The log builder, presented with the task of selecting appropriate wood for a project, needs to consider what lengths are required, what the average mid-span diameter is, what is the amount of taper the logs have and what maximum butt size and minimum top size are acceptable.

Midspan size of log diameter will contribute to the thermal performance; the larger the log, the greater the “R” value attributed to it, based on formulations attributed to various species of wood. Depending on climatic requirements and local building regulations, a minimum log diameter will be required. Based on an average R 1.5 per inch of log diameter, coupled with the extent and integrity of joinery between the log surfaces, a minimum 10” log is an acceptable norm for log diameters in colder climates.

One might, however, use logs of smaller diameter if the purpose of the building is, for example, a summer cottage.
No matter how dry the logs are, all log structures must be built to accommodate shrinkage and settling. Whether building with seasoned wood, dead standing, green, winter cut, or kiln dried, a knowledgeable log builder builds according to moisture content, anticipation and allowing for movement in response to the drying and seasoning process with allocations for shrinkage and settling of logs.

As wood fiber loses moisture, cell walls shrink and collapse, which can reduce the overall diameter of a log by as much as 6%. This factor, accumulated over the finished height of a log wall, as well as through door and window openings and structural support points, must be accommodated.

Moisture gain and loss can also be affected by roof overhangs, proper elevation from grade, and treatment to the wood surfaces with effective stains and preservatives. Controlling moisture content of the logs is important. A surface stain or preservative must allow the logs to breath and expel excess moisture; otherwise an environment for rot and decay is created. In some very arid areas, humidity should be introduced into a log home in order to stabilize wood fibers as well as to slow down the drying process and avoid radical checking.

In cold climates, logs react differently during the seasonal changes. Warm interior log walls may dry out. Meanwhile the outside surfaces remain frozen and do not continue losing moisture until the hot summer sun beats down. Unless the log building is constructed from dead standing or kiln dried logs, this see-saw process of moisture balancing can continue for a number of years before the wood stabilizes.

Most handcrafted log builders prefer to work with green wood, preferably winter-cut (when the sap is still down in the roots). Green logs are more easily crafted and a skilled builder will calculate moisture loss and its effects and will build to compensate for shrinkage and settling.

Since seasoned fire-killed, kiln-dried, or dead-standing timber is more difficult for handcrafters to work with, it is often preferred for use in chinked log wall structures where less work is required on the laterals. Dead standing and kiln-dried wood can also be used in full scribe work. While “dry” wood does settle less it will still lose moisture and the log builder must anticipate and build accordingly.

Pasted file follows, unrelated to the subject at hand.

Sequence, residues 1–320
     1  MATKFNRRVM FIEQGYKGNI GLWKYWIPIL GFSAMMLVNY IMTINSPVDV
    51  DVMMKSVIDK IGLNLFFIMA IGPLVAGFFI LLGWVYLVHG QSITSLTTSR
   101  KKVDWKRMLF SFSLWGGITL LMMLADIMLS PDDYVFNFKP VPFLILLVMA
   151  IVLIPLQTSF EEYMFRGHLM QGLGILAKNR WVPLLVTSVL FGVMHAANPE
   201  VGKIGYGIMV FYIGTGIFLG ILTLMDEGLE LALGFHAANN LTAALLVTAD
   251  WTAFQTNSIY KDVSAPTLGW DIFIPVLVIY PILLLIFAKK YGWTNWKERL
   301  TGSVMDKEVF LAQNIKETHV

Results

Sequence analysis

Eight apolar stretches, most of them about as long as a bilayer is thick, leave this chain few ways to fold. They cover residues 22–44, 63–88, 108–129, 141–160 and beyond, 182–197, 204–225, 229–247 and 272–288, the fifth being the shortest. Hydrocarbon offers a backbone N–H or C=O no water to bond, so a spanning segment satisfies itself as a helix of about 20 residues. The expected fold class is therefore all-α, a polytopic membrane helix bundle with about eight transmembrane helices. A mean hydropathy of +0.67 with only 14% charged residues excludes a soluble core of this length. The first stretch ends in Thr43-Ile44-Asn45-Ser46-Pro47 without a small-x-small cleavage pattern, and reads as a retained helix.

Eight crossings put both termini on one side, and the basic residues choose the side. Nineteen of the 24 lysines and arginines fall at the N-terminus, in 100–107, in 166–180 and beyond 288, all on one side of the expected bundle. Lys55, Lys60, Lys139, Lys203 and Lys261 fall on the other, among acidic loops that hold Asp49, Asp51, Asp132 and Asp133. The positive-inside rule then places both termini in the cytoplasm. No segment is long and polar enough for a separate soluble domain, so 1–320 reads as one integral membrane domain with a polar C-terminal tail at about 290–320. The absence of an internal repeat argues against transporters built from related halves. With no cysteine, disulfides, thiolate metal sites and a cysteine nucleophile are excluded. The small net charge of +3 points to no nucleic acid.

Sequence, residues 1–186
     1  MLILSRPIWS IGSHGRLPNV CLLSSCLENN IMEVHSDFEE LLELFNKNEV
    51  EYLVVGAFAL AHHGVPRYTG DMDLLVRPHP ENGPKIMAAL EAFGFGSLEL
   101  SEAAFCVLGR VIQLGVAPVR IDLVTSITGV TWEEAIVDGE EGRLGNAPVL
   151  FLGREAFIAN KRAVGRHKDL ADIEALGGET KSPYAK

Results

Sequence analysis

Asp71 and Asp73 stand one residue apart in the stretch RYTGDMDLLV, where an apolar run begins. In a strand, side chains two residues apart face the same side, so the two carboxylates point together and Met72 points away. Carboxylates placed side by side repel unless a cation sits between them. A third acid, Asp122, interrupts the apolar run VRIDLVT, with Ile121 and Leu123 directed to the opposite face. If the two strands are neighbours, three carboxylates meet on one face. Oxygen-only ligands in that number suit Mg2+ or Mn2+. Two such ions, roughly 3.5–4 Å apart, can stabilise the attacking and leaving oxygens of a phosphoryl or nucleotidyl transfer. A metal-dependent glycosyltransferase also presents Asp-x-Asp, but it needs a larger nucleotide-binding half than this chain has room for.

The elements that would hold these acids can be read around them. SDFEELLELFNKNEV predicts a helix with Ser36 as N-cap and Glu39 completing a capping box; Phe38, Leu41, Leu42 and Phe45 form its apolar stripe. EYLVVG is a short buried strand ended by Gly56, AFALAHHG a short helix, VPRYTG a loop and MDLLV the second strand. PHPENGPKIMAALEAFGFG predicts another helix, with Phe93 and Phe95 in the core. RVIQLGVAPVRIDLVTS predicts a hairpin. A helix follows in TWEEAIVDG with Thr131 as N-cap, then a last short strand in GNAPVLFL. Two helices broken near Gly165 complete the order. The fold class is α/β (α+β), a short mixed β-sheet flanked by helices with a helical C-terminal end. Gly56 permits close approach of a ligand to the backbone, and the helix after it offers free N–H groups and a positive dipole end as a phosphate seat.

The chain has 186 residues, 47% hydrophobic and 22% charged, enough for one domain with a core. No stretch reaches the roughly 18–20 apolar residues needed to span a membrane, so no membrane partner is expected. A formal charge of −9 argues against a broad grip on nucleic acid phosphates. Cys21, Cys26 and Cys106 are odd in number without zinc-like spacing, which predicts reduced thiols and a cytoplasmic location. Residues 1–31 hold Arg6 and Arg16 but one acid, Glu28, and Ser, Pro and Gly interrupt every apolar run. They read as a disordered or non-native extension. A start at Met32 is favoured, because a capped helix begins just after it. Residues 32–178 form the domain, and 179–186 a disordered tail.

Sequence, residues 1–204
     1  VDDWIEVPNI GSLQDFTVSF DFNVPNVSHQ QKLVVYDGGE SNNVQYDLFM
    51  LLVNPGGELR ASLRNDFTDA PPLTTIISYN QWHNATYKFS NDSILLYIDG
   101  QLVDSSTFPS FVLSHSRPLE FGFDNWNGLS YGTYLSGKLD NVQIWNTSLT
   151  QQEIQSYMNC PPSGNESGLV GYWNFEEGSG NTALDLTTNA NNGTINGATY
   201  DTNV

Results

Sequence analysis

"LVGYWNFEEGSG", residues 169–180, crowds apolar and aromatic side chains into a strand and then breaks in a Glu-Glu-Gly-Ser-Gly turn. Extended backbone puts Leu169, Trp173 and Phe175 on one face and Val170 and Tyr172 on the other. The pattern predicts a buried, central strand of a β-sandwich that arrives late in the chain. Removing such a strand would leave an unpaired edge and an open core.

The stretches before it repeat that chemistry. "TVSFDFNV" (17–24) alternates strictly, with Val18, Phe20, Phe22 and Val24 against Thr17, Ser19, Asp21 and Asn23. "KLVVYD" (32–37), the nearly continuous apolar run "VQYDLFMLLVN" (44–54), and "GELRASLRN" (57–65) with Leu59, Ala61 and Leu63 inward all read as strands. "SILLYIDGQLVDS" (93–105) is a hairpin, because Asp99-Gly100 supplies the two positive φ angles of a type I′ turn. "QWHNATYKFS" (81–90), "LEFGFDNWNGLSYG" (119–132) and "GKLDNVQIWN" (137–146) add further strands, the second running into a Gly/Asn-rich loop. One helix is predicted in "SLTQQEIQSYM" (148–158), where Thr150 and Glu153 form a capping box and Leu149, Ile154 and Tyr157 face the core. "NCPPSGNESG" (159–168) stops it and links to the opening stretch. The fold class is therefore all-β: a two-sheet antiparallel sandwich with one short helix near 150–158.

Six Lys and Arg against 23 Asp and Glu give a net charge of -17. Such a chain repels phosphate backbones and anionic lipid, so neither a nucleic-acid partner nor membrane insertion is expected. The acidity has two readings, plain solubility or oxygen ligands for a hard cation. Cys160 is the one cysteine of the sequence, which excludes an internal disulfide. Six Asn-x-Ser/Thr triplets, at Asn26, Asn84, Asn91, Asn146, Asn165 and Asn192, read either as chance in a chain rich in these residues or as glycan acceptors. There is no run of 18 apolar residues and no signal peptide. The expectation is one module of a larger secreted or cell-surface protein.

“A rose by any other name is still a rose.” One of the greatest discussions between builders, and perhaps, one of the questions we are most frequently asked by our clients; is what species of wood should be used. Cost plays a role in choosing wood species, but it is not the most important factor, since all species have their own desirable traits.

Geographic location and forest ecosystem bear the greatest influence on log selection. Primarily softwoods are chosen due to their superior “R” factor, ease of handling, straightness of grain, and availability. Cedars, Pine, Spruce, Fir, and Larch are all commonly used as building logs, and each has different qualities. Western Red Cedar contains turpentine’s within its resins thus rendering it more rot resistant, and it does not check or shrink as drastically as other species. Douglas fir is heralded for its superior density, if it lacks in simple “R” value, it is made up for in structural performance. Spruce is valued for its light color, and while it may not match the qualities of Douglas fir for structural loading, it is none the less an excellent choice of building log.

For more information please contact:

Avalon Log Homes (208) 463-8668 www.avalonloghomes.com

Tuesday, July 14, 2009

A Discussion of How Logs Are Graded for Luxury Log Homes



A Discussion of How Logs Are Graded for Luxury Log Homes

The following information is compiled from various articles courtesy of Avalon Log Homes (208) 463-8668 www.avalonloghomes.com:


**Avalon Log Homes uses Wall Log 40, or better.**


Logs are graded by visual inspection. All of the factors, such as knots, slope of grain, checks and splits, decay, holes, etc. that affect the strength of a log are taken into consideration when assigning the grade. These strength altering factors, or “defects,” found during visual inspection result in the assigned grade.

The list of defects include the following: burl, checks, compression wood, decay, edge, holes, knots, manufacturing imperfections, pitch, pitch streak, pockets, shake, slope of grain, splits, trim, wane, warp, and others.

Each grade has an “allowed design stress value,” which is used by engineers and architects to choose the appropriate species, size and grade of log for the application being considered. It is also used by local code officials to assure them that the logs meet the building code requirements.

WHAT ARE THE GRADES AND WHAT DO THEY MEAN ?

Timber Products Inspection is a national grading agency which has established a grading program. Their program establishes the grade restrictions for each grade for wall logs. The grades are, from highest to lowest: Premium, Select, Rustic, Wall Log 40, Wall Log 30 and Wall Log 27.